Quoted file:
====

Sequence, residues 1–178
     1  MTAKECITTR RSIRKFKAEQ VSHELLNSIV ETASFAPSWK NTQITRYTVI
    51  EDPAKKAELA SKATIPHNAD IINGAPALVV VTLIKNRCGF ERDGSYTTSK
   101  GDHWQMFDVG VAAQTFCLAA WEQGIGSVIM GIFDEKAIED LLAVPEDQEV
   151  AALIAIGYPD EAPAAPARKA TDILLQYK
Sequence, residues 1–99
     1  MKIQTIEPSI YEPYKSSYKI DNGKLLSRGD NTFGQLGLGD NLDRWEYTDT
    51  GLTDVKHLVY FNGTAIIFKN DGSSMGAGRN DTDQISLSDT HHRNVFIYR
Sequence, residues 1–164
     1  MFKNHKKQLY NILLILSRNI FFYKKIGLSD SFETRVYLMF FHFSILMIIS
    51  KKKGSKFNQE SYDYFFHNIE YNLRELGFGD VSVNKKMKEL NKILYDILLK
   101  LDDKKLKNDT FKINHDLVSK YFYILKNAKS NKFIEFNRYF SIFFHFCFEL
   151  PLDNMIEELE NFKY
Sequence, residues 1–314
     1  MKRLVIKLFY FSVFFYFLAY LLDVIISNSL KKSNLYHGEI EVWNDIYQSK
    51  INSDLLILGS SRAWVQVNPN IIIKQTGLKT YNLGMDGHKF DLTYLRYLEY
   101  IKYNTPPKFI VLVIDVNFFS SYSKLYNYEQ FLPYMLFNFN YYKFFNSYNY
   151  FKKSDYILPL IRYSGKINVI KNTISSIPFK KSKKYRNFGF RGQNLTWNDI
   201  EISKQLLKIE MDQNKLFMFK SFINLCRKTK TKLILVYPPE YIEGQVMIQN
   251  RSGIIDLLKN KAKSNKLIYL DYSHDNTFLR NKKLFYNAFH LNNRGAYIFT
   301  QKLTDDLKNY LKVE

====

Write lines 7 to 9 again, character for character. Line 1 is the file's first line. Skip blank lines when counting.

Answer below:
     1  MKIQTIEPSI YEPYKSSYKI DNGKLLSRGD NTFGQLGLGD NLDRWEYTDT
    51  GLTDVKHLVY FNGTAIIFKN DGSSMGAGRN DTDQISLSDT HHRNVFIYR
Sequence, residues 1–164